Translating the Memory of Migration

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Dec 2017

Translating the Memory of Migration

Professor Loredana Polezzi gave a lecture entitled “Between Trauma and Desire: Translating the Memory of Migration” at the Faculty of Philology and Translation in Vigo, on 30 Nov 2017. The talk  was directly linked to the  doctoral seminar (actividade formativa de doutoramento) “The Representation of Conflicts: An Introduction to Trauma and Memory in Texts”, co-taught by Dr. Teresa Caneda and Dr. Martín Urdiales. This seminar approaches the representation of traumatic events such as the Irish Famine and the Holocaust which implied forms of enforced mobility and have become associated with cultural memory/ies. Whereas the seminar focuses on texts which deal with the representation of scenarios of dislocation, violent assimilation, and genocide,   Prof. Polezzi’s lecture explored the link between a specific kind of transnational memory –the memory of migration– and processes of linguistic as well as cultural translation. Drawing on the recent work of scholars (Erll, 2009; De Cesari and Rigney, 2014) who have pointed out that memory needs to be understood as a transnational phenomenon, Prof. Polezzi talked about the way in which the memory of migration is passed on and represented across generations through forms of writing and visual representation which are deeply informed by practices of translation.  She concentrated on women writers/visual artists/performers in the context of migration and discussed the treatment of migration and its memory both in relation to trauma and desire. More info:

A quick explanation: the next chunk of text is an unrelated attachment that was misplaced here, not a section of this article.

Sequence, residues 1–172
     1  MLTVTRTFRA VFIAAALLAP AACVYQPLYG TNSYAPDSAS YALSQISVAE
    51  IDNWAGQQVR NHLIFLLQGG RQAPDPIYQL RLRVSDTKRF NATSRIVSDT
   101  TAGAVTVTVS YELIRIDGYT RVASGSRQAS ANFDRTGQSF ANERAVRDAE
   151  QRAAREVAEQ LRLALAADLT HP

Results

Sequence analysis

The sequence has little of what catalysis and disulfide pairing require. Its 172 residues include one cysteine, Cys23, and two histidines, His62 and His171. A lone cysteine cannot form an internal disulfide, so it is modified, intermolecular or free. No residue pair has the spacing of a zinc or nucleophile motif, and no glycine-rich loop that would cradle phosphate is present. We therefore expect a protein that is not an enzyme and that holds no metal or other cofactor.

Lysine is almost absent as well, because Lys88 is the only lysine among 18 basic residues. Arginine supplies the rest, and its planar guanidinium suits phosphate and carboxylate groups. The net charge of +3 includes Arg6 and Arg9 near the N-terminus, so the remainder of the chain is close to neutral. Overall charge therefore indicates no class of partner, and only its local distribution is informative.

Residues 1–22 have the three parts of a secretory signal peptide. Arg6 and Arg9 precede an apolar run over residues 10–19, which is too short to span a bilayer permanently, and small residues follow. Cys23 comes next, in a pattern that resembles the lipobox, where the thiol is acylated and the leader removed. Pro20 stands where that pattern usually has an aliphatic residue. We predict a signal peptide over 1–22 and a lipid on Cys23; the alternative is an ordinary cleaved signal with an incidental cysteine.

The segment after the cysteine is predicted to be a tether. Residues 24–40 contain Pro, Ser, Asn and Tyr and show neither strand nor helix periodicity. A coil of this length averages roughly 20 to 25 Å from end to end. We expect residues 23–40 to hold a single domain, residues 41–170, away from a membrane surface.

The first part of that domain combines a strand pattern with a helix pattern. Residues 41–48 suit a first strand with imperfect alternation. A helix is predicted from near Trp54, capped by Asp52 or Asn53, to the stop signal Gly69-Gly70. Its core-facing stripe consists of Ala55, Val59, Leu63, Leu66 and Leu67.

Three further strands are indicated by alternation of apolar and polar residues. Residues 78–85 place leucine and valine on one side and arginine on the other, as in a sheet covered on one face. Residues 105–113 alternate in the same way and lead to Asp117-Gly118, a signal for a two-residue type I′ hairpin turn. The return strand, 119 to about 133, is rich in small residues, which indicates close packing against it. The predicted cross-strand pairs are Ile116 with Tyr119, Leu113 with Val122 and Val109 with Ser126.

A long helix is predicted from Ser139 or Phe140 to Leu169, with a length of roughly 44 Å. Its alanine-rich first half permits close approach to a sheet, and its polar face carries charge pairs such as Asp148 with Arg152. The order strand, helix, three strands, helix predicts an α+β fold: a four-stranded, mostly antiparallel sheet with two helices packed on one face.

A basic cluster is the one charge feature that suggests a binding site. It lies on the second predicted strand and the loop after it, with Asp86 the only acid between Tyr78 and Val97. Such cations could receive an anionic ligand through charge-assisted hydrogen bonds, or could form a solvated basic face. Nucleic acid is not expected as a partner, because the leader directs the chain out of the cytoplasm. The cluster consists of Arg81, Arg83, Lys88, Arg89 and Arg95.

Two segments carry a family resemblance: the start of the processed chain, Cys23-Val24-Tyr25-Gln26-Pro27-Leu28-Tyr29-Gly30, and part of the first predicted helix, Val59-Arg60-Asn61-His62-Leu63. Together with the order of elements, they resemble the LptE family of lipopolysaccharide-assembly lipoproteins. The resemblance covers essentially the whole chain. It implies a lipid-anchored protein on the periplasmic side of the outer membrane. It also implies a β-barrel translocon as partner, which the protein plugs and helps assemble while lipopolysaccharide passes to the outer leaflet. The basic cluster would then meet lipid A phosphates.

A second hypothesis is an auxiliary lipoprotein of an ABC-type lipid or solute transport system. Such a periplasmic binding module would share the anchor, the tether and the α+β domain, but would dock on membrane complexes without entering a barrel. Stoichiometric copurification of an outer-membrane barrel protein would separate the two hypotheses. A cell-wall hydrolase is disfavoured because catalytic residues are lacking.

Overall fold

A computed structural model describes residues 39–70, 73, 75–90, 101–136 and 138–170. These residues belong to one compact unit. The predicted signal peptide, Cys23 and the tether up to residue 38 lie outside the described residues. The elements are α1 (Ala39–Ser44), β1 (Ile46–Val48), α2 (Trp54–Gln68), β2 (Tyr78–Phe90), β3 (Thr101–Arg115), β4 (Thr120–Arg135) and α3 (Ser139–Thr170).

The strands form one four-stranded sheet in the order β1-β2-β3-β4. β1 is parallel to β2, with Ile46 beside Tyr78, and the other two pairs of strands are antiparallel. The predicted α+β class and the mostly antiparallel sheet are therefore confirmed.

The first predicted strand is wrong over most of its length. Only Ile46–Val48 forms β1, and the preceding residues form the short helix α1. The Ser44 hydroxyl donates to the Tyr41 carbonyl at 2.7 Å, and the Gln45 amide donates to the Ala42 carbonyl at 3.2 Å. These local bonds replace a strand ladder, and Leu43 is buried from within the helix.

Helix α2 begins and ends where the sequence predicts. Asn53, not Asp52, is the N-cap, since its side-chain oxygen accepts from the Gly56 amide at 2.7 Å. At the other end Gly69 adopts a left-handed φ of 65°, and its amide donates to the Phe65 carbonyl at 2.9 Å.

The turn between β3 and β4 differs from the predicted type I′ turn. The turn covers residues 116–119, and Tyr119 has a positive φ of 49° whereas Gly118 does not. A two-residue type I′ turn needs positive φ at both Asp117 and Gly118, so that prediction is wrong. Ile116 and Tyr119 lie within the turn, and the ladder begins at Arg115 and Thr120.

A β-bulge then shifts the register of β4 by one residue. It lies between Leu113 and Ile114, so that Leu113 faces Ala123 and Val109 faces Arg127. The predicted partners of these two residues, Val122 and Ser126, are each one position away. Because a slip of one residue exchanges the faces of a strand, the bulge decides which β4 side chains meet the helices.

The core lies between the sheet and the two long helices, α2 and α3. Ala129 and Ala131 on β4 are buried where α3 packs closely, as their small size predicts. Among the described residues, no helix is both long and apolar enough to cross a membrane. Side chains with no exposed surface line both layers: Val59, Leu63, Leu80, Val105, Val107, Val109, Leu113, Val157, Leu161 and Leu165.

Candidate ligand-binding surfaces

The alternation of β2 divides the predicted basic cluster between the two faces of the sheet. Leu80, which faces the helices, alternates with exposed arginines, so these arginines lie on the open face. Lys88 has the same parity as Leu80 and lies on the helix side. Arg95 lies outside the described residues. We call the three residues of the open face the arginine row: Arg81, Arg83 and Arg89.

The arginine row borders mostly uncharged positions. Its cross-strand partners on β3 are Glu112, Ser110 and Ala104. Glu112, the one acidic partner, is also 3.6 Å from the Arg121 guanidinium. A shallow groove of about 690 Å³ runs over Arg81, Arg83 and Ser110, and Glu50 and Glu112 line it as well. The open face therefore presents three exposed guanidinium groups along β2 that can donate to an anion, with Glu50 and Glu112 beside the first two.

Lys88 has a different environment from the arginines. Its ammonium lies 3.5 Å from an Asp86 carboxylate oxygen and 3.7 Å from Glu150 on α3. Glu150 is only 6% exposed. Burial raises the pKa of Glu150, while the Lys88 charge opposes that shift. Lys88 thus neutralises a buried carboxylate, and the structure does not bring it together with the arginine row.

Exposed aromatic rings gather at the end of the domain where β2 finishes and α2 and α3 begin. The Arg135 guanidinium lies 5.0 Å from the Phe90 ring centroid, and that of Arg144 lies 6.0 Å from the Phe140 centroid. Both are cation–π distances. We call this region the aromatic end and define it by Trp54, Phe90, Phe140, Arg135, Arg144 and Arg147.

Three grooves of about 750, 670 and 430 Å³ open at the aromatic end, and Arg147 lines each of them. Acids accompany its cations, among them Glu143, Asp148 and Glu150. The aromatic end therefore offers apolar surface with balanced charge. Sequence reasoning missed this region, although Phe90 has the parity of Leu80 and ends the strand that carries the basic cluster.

Loredana Polezzi is Professor in Translation Studies at the School of Modern Languages of Cardiff University. Her main research interests are translation studies, comparative literature, and the history of travel and migration. Her recent work focuses on how geographical and social mobilities are connected to the theories and practices of translation and self-translation. With Rita Wilson, she is co-editor of The Translator, a leading international journal in Translation Studies. She is also a co-investigator in the research project “Transnationalizing Modern Languages”, funded by the AHRC’s Translating Cultures scheme, as well as a founding member of the “Cultural Literacy in Europe” network. This lecture received funding from the International Doctoral School in Vigo (EIDO) and the Department of English, French and German in Vigo.